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  3. Dear friend, I assure you that my motivation in writing concerning the truth of God is so that Christians might do as the apostle commands, viz. "Test thyself." Also, if the imputation of Christ's righteousness to the soul by faith is not the Gospel, I do not know what is. You have made some heavy accusations concerning my understanding of the Gospel and my motivations for writing on it without giving much biblical basis for it, and I would invite you to do so. I believe I speak the truth accurately and do thus in love, and I offer no apology for its offense save Scripture and man's natural despise of it.

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  4. perhaps I am missing the point on your post, but it makes a point that I have written about as well… and that is, a Christian is not "bound" by old testament law

    I hear Christians constantly trying to make a case for old testament law being applicable to Christians today… quoting verses out of context like God is the same yesterday, today, and forever, and not one bit of the law will pass away, etc etc…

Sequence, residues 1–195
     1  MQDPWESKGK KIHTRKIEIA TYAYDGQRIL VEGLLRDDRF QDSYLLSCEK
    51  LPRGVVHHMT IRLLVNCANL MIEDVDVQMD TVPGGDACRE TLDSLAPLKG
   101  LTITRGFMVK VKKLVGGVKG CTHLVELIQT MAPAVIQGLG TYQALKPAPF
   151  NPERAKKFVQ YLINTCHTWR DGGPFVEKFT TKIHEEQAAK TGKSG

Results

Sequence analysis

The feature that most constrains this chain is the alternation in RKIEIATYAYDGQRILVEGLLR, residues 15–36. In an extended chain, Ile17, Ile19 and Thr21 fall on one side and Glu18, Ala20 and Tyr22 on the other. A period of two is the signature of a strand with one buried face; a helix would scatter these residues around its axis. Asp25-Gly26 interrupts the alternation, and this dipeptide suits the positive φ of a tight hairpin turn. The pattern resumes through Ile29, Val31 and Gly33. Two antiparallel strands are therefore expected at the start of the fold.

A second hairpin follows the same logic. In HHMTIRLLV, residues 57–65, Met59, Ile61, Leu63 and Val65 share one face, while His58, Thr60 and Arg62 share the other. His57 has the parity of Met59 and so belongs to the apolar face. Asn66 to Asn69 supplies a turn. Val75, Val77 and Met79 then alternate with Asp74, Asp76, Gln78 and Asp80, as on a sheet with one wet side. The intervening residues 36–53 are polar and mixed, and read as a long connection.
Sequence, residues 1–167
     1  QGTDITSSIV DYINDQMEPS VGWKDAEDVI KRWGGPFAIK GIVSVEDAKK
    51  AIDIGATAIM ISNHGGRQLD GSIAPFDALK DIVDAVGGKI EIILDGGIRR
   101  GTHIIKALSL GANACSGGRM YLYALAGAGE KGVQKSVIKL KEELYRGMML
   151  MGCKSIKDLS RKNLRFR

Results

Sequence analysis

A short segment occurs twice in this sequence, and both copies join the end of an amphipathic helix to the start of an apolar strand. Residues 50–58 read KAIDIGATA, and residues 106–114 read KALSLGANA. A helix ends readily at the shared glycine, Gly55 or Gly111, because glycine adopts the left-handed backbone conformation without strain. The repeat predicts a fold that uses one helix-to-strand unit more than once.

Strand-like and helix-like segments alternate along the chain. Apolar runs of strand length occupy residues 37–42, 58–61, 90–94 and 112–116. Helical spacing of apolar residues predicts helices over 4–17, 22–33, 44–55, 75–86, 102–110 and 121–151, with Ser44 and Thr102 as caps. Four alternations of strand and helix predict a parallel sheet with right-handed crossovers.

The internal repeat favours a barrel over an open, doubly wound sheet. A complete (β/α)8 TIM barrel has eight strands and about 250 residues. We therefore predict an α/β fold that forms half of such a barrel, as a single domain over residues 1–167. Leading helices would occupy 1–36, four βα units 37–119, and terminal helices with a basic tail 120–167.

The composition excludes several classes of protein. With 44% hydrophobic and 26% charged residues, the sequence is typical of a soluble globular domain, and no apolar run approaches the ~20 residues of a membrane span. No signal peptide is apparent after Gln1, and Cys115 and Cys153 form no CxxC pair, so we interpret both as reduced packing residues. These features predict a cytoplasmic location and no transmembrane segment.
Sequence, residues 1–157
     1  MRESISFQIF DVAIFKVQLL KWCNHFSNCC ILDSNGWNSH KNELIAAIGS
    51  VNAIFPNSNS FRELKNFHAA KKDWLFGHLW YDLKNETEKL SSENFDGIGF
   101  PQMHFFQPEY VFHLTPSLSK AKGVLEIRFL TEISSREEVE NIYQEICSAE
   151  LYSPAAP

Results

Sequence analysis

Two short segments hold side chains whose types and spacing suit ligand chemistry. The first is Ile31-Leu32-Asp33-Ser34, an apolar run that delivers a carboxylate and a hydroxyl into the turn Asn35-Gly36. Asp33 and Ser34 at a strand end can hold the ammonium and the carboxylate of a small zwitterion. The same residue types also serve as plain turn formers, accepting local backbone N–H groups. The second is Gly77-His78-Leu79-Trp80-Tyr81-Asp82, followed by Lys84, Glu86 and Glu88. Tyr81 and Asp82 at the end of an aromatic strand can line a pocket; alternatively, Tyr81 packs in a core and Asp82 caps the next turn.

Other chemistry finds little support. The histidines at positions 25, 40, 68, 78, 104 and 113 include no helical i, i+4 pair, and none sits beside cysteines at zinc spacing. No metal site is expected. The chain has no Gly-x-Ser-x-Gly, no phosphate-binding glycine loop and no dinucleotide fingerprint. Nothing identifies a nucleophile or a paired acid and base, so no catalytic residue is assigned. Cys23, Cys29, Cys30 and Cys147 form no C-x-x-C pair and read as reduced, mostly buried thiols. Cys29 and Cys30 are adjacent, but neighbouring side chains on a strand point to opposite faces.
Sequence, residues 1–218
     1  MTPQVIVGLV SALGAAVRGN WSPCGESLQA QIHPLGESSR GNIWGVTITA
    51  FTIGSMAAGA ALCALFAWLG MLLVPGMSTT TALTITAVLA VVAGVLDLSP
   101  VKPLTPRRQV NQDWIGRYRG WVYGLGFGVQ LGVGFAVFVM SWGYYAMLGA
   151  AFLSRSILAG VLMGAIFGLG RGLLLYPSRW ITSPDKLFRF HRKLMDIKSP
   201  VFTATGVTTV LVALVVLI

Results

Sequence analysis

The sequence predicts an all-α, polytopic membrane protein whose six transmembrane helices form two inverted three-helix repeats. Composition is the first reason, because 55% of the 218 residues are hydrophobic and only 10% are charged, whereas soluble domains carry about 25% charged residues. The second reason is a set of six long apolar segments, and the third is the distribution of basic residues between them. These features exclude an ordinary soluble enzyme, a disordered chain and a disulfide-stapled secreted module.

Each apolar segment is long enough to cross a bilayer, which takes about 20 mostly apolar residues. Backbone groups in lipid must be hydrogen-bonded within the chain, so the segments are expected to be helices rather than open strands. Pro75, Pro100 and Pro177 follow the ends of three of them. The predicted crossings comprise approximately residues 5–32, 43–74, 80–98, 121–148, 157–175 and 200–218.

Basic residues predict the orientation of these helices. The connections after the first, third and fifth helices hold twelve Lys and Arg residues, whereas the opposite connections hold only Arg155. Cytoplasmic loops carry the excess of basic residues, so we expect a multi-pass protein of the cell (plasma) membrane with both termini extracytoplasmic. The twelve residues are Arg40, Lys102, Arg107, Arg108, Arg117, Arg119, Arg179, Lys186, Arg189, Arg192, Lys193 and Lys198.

however, the fact of the matter is that Christ fulfilled the law (completely) and I think many people don't quite understand the magnitude of that fact

    AMDG

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  5. Thanks for your input, Brian. I suppose I should be a little more clear about the origins of my posts. This week, for example, I taught Romans 10:1-4 in our Bible Study group, and I have written three posts on those verses, "The Worthlessness of Ignorant Zealotry for God," "The Devil’s Favorite Lie," and this post, "Christ is the End of the Law for Righteousness." Maybe those three together will add some light.

    Thanks again for your thoughts. God bless.